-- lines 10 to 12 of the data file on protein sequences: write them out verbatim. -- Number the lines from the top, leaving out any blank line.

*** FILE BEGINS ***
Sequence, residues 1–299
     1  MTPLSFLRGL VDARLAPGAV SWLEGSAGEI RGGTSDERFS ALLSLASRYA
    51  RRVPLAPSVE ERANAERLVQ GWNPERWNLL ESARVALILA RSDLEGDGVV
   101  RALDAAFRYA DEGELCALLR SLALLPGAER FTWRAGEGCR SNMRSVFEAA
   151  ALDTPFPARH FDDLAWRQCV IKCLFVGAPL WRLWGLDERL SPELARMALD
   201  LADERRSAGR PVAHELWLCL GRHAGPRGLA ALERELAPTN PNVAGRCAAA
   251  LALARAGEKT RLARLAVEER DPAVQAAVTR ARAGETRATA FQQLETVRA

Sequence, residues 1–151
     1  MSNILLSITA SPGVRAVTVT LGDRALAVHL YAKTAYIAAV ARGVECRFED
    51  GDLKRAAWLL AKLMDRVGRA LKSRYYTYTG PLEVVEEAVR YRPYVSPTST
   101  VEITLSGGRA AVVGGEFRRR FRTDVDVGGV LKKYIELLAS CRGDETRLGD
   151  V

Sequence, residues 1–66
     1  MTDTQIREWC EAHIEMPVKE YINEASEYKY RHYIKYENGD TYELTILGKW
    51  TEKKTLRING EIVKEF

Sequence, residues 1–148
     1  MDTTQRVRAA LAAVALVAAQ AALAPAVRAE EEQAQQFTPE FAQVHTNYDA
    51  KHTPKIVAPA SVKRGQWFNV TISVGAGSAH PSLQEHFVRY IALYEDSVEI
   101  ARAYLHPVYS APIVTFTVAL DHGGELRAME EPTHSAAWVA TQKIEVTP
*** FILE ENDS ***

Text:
    51  GDLKRAAWLL AKLMDRVGRA LKSRYYTYTG PLEVVEEAVR YRPYVSPTST
   101  VEITLSGGRA AVVGGEFRRR FRTDVDVGGV LKKYIELLAS CRGDETRLGD
   151  V